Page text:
Sunday, August 26, 2012

A tale of two Cordylines

"I'll be back..."
Timber! The annual chopping down of the cardoon (Cynara cardunculus) is a ritual where one's manly prowess can be displayed and the results are dramatic. I was not feeling manly so Matt wielded the saw and the cardoon was down in no time flat - I barely had time to get a picture and my finger was in the way, but I had no time to retake it.

In the meantime, I watered everything that needed it deeply. A 10 second spray right in the dirt at the base of a plant that fills up it's water basin is better for the plant than an hour of overhead sprinkling in my experience.

I also planted some things we picked up yesterday.

We popped over to Flora Grubb Gardens and I am always on the lookout for a great Cordyline for the garden. They do really well and come in awesome colors. Or rather, they usually do really well, but the Cordyline "Sundance" I planted in the middle front bed back around Thanksgiving last year failed to thrive and is now officially dead. Hmph! What went wrong? I don't know, but it was a cheapo from Lowes and had a wobbly trunk - something  Cordyline are a bit prone to.

Renegade looking demure.
Anyway, back to FG. They had some really nice ones of course but the one that caught my eye was Cordyline "Renegade (Tana)" which has very dark, almost black leaves. Madame Grubb carries it in a 2 gallon and a 5 gallon size, both with the same label, both proclaiming it to be the grassy type of Cordyline. Cordylines come in two basic types: your tall, narrow palm-like one with a trunk, and your 3-4' high mound of grassy leaves. This is based on what hybrid of various Cordyline species went into it's makeup. C. australis hybrids are palm-like. C. banksii ones are grassy.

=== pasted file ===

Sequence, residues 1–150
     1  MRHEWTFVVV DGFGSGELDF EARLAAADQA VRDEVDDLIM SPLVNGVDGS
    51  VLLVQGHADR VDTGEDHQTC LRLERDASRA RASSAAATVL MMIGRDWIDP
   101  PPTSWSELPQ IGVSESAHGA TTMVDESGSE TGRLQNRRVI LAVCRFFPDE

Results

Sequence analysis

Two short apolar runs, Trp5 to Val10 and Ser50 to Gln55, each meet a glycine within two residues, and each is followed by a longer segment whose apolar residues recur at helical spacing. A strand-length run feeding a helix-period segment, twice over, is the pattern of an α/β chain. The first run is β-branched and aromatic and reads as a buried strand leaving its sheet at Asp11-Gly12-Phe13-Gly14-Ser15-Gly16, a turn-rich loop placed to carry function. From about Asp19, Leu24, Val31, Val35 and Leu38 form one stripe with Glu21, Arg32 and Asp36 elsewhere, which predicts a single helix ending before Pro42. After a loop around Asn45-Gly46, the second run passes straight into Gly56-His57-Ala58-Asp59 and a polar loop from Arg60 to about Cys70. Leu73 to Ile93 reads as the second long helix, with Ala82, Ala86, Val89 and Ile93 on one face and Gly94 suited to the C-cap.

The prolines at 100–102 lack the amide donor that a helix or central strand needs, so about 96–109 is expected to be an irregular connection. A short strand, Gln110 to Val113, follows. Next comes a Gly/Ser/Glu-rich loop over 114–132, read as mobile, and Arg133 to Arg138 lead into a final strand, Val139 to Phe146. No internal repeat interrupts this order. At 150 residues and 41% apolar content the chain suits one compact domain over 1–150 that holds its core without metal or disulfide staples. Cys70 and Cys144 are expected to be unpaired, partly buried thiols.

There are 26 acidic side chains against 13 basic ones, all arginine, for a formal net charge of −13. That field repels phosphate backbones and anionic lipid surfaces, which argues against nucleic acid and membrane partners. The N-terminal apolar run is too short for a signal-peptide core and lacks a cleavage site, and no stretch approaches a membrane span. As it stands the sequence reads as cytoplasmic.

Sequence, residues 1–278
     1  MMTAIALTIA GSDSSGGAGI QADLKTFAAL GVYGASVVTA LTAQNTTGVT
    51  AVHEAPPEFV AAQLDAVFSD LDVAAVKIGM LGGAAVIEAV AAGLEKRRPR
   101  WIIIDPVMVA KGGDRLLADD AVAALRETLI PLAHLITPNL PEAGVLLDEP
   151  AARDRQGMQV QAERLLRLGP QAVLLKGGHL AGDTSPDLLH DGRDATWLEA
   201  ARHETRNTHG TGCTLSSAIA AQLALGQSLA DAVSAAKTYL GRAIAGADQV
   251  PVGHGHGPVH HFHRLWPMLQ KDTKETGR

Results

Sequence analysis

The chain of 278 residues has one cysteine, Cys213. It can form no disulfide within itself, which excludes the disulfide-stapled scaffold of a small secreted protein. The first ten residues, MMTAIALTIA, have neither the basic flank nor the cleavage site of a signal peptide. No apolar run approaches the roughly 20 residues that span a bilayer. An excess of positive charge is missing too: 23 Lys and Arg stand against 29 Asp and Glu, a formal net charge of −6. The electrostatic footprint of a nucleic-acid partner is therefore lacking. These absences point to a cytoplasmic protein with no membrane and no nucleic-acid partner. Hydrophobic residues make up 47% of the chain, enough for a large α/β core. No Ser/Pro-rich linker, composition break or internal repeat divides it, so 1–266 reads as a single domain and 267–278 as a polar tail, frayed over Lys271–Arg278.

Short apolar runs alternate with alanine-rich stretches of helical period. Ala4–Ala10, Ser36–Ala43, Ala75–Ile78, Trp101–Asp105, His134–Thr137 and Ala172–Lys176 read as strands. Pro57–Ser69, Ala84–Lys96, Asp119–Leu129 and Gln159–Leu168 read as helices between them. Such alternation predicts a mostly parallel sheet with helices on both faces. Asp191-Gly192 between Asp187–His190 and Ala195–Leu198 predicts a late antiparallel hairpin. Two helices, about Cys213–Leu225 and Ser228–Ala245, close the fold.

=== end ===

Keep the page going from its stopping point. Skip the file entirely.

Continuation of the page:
So, I wanted a palm-like type to go with my other two in the grouping I'd made. However Cordyline "Renegade (Tana)" is a cross between C. australis and C. banksii and wouldn't you know it, the larger size pots had a 1' tall trunk on 'em. So what's it gonna be? Trunk, or no trunk per the label? I called in  a salesperson and she noted why I was confused. She called another salesperson and he said "short trunk" so I bought it. Short trunk better than no trunk, as they say.

Kiwi Dazzler (L) not
dazzling yet
While I had the local Cordyline expert in my grasp, I asked him if he could get what I really wanted - Cordyline "Kiwi Dazzler." It's green and pink striped, and palm-like. He said no, they're really hard to find... you never see them... too bad, so sad... so I wrinkled my nose, made my way to the register and paid $40 for my short trunked plant. Feh.

Next we went by Lowes to pick up some lumber for a non-garden related project. What is the first thing that catches my eye? A 1 gallon Cordyline "Kiwi Dazzler" for $6. Well butter my butt and call me a biscuit. As they say. That went in the cart along with a Kniphofia "Popsicle" - the Popsicle line of Kniphs is all about the creamy shades, and I think there are about 6-8 colors. Since this was Lowes it was incorrectly labelled as an annual, and no specific hybrid given but a leftover yellow to cream flower tells me it's probably "Pineapple Popsicle."

Pineapple Popsicle? Maybe.
So to bring this saga to a close, I planted the Kniphofia in the left bed, the Cordyline "Renegade (Tana)" in the middle back bed, and the Cordyline "Kiwi Dazzler"where the "Sundance" used to be, very well staked as unfortunately it's another wobbly specimen.

Matt potted up some grasses, I weeded, all sorts of things got trimmed and pruned and a good time was had by all.

The end.


  1. "Butter my butt and call me a biscuit"? I love it! From now on your name is Emily Dickinson!

  2. ... that's Emily... Dickinson.... to you -



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